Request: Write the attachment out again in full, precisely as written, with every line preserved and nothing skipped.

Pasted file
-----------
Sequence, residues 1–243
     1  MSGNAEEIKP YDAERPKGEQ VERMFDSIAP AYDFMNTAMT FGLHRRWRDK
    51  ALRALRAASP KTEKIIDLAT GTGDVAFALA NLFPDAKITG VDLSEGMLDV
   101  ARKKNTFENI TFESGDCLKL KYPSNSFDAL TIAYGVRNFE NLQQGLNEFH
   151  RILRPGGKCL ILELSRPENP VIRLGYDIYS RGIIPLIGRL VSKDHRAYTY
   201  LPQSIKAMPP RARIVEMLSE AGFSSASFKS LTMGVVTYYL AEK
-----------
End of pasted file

Sequence, residues 1–243
     1  MSGNAEEIKP YDAERPKGEQ VERMFDSIAP AYDFMNTAMT FGLHRRWRDK
    51  ALRALRAASP KTEKIIDLAT GTGDVAFALA NLFPDAKITG VDLSEGMLDV
   101  ARKKNTFENI TFESGDCLKL KYPSNSFDAL TIAYGVRNFE NLQQGLNEFH
   151  RILRPGGKCL ILELSRPENP VIRLGYDIYS RGIIPLIGRL VSKDHRAYTY
   201  LPQSIKAMPP RARIVEMLSE AGFSSASFKS LTMGVVTYYL AEK